While most doctors prescribe antacids to lower stomach acid for heart burn and acid reflux, the real culprit may be that your stomach acid is already too low. This is called hypochlorhydria and it plays a role in autoimmune diseases such as Hashimoto’s hypothyroidism.
Sufficient stomach acid, or hydrochloric acid (HCl), is necessary to:
Protect the body from pathogens. When we consume food, bacteria and other microorganisms come along with it. Stomach acid helps neutralize the ones we don’t want in our bodies. HCl also acts as a barrier against bacterial and fungal overgrowth of the small intestine. This is important to preventing inflammatory compounds into the bloodstream where they can trigger Hashimoto’s hypothyroidism.
Activate pepsin. HCl triggers the production of pepsin, which helps break down proteins to be absorbed in the small intestine. When proteins are not adequately digested, they can escape into the bloodstream where they trigger inflammation food sensitivities.
Digest proteins. If you have ever made ceviche or marinated meat in vinegar or lemon, you can see how acid breaks it down. Our stomach acid works much more quickly and efficiently than this.
Activate intrinsic factor. Stomach acid helps activate intrinsic factor, a glycoprotein made in the stomach that is necessary for absorption of vitamin B12.
Stimulate delivery of bile and enzymes. Adequate stomach acid stimulates release of bile from the liver and gall bladder and digestive enzymes from the pancreas. This also supports digestion of carbs, fats, and vitamins A and E.
Close the esophageal sphincter. Located between the stomach and the esophagus, the esophageal sphincter protects the delicate tissue of the esophagus from the strong acids of the stomach.
Open the pyloric sphincter. Stomach acid helps open this gateway between the stomach and the small intestine.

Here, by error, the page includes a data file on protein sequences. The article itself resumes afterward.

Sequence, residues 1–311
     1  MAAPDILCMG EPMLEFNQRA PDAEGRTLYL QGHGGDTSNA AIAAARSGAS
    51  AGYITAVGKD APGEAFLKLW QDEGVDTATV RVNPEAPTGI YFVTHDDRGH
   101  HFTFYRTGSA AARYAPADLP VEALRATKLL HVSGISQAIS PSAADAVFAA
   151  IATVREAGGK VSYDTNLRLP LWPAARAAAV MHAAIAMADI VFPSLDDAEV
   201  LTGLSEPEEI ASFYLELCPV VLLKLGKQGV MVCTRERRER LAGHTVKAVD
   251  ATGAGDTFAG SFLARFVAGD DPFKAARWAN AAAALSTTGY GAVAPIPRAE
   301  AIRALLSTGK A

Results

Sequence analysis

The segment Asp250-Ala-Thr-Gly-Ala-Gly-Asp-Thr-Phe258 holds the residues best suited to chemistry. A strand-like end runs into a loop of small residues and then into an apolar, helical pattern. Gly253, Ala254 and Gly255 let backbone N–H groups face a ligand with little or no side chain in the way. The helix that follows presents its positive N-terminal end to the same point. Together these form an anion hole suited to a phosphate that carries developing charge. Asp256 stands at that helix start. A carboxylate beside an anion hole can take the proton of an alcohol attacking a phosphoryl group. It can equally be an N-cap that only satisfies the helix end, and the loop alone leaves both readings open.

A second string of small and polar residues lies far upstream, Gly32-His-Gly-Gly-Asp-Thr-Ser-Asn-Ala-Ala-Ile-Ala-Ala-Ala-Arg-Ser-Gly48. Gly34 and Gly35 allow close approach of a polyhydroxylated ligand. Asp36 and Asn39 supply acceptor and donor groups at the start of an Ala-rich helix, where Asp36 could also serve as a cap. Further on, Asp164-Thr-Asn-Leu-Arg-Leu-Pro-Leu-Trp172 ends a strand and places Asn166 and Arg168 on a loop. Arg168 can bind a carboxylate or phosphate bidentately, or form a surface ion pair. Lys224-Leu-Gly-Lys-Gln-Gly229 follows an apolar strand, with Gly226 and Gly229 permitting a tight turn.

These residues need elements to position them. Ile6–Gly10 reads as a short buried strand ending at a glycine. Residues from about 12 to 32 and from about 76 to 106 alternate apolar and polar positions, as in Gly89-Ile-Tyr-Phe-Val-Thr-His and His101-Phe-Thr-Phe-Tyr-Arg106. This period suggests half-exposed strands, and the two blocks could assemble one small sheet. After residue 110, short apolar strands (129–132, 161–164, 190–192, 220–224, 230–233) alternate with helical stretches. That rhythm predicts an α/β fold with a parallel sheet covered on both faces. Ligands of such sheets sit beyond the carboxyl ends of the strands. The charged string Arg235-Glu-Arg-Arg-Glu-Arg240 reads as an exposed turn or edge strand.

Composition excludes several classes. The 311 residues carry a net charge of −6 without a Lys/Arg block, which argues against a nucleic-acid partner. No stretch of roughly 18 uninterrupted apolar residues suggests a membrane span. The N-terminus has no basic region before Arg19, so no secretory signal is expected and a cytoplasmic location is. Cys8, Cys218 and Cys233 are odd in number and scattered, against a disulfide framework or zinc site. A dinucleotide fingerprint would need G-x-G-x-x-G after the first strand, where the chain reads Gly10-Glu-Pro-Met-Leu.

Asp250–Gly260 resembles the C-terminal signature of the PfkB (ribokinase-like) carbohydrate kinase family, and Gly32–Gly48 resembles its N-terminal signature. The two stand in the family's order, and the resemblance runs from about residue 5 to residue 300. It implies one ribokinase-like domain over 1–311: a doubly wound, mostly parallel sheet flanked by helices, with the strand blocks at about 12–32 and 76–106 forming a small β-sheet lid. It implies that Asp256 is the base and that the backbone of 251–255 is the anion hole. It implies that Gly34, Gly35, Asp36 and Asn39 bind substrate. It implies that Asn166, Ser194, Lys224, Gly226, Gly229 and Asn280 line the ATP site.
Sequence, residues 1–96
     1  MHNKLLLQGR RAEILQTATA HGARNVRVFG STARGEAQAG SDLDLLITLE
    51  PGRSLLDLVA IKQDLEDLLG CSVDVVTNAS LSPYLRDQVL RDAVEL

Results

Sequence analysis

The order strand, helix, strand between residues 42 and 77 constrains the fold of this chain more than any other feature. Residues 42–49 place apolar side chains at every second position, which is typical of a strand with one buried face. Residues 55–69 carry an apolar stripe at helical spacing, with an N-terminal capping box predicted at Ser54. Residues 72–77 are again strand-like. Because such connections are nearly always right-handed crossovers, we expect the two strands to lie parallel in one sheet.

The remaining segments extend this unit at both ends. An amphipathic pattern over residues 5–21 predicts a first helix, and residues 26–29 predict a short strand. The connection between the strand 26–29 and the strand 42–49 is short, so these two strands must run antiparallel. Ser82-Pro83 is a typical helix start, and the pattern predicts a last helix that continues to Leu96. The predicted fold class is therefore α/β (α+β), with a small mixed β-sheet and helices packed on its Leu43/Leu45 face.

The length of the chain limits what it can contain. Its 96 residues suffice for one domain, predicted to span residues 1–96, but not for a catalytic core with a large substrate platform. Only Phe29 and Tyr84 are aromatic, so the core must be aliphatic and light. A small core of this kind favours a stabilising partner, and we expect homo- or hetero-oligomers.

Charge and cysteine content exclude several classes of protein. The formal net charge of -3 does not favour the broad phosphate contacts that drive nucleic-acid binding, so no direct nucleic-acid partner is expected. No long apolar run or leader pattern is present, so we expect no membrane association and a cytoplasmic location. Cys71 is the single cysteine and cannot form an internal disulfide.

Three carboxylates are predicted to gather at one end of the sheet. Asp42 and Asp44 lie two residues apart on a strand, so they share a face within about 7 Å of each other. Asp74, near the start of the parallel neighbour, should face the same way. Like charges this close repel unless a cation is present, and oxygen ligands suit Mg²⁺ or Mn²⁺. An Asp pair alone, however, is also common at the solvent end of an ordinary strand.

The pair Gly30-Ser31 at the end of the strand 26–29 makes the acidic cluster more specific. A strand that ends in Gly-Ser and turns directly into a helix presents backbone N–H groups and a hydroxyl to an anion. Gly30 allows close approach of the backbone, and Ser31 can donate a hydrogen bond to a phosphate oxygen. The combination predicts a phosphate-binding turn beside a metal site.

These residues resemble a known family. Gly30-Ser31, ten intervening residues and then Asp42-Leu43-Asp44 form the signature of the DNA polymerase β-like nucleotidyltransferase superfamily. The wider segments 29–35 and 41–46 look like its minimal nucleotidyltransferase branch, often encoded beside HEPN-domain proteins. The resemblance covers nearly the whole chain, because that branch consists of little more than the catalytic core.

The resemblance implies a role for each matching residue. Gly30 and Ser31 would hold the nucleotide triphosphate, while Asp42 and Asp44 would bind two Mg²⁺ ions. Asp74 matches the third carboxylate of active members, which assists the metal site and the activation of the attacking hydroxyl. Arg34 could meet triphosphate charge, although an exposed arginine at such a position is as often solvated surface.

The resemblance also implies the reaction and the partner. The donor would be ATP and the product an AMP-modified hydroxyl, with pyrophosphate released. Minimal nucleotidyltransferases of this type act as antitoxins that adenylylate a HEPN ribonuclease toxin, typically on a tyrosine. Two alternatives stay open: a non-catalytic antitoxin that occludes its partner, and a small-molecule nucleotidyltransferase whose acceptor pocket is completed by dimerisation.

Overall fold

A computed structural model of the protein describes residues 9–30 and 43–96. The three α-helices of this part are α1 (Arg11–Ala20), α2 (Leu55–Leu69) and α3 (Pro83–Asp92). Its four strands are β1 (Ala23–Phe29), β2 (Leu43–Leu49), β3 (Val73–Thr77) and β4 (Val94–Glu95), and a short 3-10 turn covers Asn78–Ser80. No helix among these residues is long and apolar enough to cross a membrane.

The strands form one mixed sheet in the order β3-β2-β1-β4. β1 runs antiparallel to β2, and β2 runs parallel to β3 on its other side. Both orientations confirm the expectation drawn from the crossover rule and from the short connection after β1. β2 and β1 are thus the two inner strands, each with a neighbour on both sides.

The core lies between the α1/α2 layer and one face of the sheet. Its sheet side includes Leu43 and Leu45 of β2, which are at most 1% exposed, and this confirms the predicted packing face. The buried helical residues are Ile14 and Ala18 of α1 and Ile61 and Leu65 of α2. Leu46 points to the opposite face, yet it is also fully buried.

Absorb vitamins and minerals. Absorption of folic acid, ascorbic acid, beta carotene and iron are made more bioavailable by HCl in the digestive tract. Low stomach acid can cause poor absorption of calcium, magnesium, copper, chromium, manganese, selenium, vanadium, zinc, molybdenum and cobalt.
The gut is the seat of the immune system and all of these functions are vital for healthy gut function that can help you manage your Hashimoto’s hypothyroidism and prevent inflammation and flare ups.
Hypochlorhydria is under diagnosed
An estimated 90 percent of the population suffers from hypochlorhydria (low stomach acid), yet most of us have never heard of it.
When stomach acid is too low your body cannot digest food thoroughly. The food in the stomach begins to rot and putrefy, the small intestine attempts to reject it, and the rotten food moves back up into the esophagus. While the food is not acidic enough for the small intestine, it is far too acidic for the esophagus.
In addition, low stomach acid leads to bacterial overgrowth, gut inflammation, increased food sensitivities, and higher risk for inflammatory disorders such as Hashimoto’s hypothyroidism.
Key hypochlorhydria signs and symptoms include:
- Burping, bloating, gas after meals
- Upset stomach after eating
- Nausea when taking vitamins and supplements
- Indigestion, heartburn, acid reflux
- Desire to eat when not hungry
- Undigested food in stool
- Gut infections
- SIBO (small intestine bacterial overgrowth)
- Iron deficiency anemia
- Deficiencies of vitamin B-12, calcium, and magnesium
Taking supplemental HCl can help support your own production and help you better digest your food. Take just enough so it doesn’t cause burning. If taking even a little bit causes burning, you may have ulcers and an H. Pylori infection, which are not uncommon with hypochlorhydria.
Ask my office for more advice on improving your digestion, relieving your heartburn symptoms, and managing your Hashimoto’s hypothyroidism.
Latest from the Blog
Understanding the Impact of Aspergillus on Public HealthMarch 19, 2023
Aspergillus is a genus of fungi that includes nearly 200 identified species, such as Aspergillus fumigatus, Aspergillus niger, and Aspergillus flavus. While some of these species have beneficial applications in industries such as food, pharmaceuticals, and agriculture, others can have harmful effects on human health. In this blog post, we will discuss the impact of […] Read more
Latest from the Blog
Stachybotrys chartarum and sick building syndrome
Stachybotrys chartarum is a type of mold commonly found in water-damaged buildings, and its exposure has been linked to various health problems. In this response, we will discuss how this mold is linked to chronic fatigue syndrome, fibromyalgia, and autoimmunity. We will also examine its mechanism of action and associated health issues. Link to Chronic […] Read more